Brett Hickey had set his sights on a speed-skating gold medal, not a career in financial services. He grew up in a small town in western Canada, where he started a clothing distribution business at age 15 while also training to make it to the winter Olympics, but an injury dashed his hopes.
Instead, Hickey used the same single-minded focus to launch a financial services career, first moving east to Montreal, where he went to business school at McGill, and then to Harvard Business School’s Owner/President Management (OPM) Program.
Using investment banking as a launchpad
After graduation, Hickey joined the legendary investment bank Salomon Smith Barney a few years after its merger with Citigroup. In the IBD analyst program, he covered global financial institutions with a focus on insurance companies, banks and asset managers, getting invaluable experience working on mergers and acquisitions, private equity fund manager due diligence, private equity fund structuring and capital raising.
“At the time I was there, it was part of Citigroup, which was the largest financial institution in the world, and it was one of the big investment banks that were able to leverage their balance sheet to win business and close deals,” Hickey said. “It was a rapidly growing firm that had merged together, and that taught me some lessons around mergers, how important it is to get the culture and continuity right – Salomon Smith Barney and Citi had some challenges there.
“I was fortunate to gain the experience of working with so many large asset managers, banks and insurers, getting to see what’s working and what’s not, because you don’t really know what’s going on until you lift up the hood," he said. “It was an opportunity to look at the asset management industry in a deep and wide manner, and I noticed that the best ones built truly competitive businesses where they strived to be the best at all times, like Blackstone and KKR."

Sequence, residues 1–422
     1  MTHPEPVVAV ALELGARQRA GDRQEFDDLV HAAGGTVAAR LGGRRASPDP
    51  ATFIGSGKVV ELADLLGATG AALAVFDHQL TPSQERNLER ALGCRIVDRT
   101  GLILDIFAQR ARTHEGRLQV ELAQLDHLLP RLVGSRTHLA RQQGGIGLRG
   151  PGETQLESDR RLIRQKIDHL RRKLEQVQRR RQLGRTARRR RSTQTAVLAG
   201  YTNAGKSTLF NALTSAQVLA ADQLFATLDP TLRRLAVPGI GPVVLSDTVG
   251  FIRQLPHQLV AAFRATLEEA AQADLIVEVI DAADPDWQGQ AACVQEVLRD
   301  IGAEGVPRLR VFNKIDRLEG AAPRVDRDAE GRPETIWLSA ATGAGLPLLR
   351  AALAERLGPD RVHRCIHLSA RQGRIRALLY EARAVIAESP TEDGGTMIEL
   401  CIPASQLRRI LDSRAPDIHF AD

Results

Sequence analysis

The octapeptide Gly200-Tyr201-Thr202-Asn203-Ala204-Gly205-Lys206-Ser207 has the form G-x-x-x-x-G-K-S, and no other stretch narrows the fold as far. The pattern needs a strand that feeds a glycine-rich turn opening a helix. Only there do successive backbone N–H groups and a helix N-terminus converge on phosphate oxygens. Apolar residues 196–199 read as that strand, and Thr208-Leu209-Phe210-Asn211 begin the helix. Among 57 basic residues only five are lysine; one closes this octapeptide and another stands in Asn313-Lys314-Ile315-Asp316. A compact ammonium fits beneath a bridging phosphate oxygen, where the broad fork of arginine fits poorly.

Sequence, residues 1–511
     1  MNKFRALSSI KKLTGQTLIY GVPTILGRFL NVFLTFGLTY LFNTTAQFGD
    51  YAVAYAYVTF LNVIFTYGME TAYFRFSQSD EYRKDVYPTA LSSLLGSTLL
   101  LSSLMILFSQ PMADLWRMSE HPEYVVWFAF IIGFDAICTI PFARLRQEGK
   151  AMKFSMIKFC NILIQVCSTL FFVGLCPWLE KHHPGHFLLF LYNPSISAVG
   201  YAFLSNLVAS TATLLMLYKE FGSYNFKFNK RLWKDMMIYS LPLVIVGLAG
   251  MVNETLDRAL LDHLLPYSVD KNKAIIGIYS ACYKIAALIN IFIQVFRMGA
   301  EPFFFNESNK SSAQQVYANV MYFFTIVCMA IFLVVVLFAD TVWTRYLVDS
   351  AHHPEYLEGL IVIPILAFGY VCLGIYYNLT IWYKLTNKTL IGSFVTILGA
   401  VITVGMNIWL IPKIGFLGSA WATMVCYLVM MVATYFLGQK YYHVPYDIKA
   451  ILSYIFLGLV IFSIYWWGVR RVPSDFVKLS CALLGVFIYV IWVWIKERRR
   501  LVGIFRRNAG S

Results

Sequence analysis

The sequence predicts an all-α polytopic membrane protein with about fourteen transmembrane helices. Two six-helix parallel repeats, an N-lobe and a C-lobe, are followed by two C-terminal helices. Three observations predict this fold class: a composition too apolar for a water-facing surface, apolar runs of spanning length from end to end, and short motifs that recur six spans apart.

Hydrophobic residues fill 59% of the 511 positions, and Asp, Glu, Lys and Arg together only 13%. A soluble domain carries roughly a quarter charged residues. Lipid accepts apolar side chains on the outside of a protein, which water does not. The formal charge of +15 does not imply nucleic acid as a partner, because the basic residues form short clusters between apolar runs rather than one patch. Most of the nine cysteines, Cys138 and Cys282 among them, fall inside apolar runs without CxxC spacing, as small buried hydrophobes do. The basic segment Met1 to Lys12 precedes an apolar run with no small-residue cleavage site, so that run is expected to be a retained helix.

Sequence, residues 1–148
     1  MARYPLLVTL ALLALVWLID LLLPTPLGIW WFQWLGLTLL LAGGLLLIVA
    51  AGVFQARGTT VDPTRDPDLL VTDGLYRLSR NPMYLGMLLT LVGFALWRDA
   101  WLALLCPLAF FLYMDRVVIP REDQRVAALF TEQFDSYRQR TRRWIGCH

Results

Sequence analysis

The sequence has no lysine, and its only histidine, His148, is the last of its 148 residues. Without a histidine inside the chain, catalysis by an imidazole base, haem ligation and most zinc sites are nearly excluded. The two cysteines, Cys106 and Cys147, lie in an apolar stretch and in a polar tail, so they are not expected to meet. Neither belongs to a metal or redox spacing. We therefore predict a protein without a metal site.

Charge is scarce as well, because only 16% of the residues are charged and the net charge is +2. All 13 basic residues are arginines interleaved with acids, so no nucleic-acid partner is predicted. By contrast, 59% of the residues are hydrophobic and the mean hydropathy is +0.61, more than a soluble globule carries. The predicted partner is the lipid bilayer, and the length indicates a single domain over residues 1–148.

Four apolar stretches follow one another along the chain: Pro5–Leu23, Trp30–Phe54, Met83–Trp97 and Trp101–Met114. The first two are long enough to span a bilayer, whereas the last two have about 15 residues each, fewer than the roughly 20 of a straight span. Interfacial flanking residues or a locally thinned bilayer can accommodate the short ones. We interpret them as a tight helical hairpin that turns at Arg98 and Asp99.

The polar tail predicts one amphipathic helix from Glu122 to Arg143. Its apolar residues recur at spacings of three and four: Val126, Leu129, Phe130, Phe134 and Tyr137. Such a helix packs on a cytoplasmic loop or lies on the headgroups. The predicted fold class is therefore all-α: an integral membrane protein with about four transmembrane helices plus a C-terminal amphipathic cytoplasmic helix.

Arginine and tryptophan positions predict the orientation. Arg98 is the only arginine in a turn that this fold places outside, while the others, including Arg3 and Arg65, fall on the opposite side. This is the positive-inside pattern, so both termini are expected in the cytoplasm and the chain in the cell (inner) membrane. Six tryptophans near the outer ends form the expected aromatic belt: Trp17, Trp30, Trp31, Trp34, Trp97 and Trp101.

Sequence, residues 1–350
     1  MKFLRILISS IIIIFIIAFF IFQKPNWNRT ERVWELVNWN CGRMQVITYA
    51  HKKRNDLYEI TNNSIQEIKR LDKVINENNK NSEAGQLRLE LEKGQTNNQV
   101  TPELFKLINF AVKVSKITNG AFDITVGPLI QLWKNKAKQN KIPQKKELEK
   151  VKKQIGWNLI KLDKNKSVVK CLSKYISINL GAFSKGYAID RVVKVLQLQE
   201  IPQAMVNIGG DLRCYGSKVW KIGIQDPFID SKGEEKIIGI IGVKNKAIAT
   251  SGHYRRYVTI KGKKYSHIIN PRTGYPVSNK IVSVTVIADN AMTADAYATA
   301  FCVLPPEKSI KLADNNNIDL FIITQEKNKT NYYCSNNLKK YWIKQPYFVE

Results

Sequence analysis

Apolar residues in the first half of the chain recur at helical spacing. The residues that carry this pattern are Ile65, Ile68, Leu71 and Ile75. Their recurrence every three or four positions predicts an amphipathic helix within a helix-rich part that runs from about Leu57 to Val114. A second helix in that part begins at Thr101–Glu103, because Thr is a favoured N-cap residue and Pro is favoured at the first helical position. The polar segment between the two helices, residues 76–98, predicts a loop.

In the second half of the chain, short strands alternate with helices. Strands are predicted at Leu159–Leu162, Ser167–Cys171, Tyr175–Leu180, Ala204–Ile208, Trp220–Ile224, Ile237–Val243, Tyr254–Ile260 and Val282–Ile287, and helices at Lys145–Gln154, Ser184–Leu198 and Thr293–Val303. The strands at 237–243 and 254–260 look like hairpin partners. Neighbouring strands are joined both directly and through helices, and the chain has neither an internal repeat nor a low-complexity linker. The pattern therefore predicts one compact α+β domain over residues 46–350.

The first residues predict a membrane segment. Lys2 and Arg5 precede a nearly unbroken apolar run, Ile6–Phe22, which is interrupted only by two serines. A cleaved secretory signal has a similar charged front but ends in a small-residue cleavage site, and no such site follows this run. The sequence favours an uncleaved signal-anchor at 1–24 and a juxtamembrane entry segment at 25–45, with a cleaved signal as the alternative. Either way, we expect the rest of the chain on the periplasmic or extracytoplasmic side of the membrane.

From there, in 2003 Hickey co-founded and served as the president of Aegis Capital Group, which made private investments focused on mezzanine and second-lien loans. In 2010, he went out on his own, founding Star Mountain Capital, a New York-based lower-middle-market private equity firm that invests in small-to-medium-sized companies with $10m to $150m of annual revenues.
Star Mountain Capital has more than 25 employees, including underwriters, who are based in the New York headquarters, and people based in origination offices in nine other cities across the U.S. who work directly with business owners. The firm typically brings on more than 20 paid interns every year, and Hickey says the goal is to transition the best of those to full-time employees.
Star Mountain Capital is looking to add headcount
Star Mountain Capital is currently hiring, building out the firm’s technology, investment and marketing/business development teams.
“We’re a highly specialized firm – we only invest in one asset class, specializing in just one type of company, so our employees must be adept at building relationships and understanding the needs and challenges of small-to-mid-sized business owners,” he said.
Hickey said that 100% of Star Mountain employees earn carried interest in a profit-sharing benefit, and all of the firm’s senior team has an ownership stake in the management company.
“We’re an employee-owned firm, and we want to make sure that our employees fit together like a puzzle in the best way,” Hickey said.
Photo credit: JMichl/GettyImages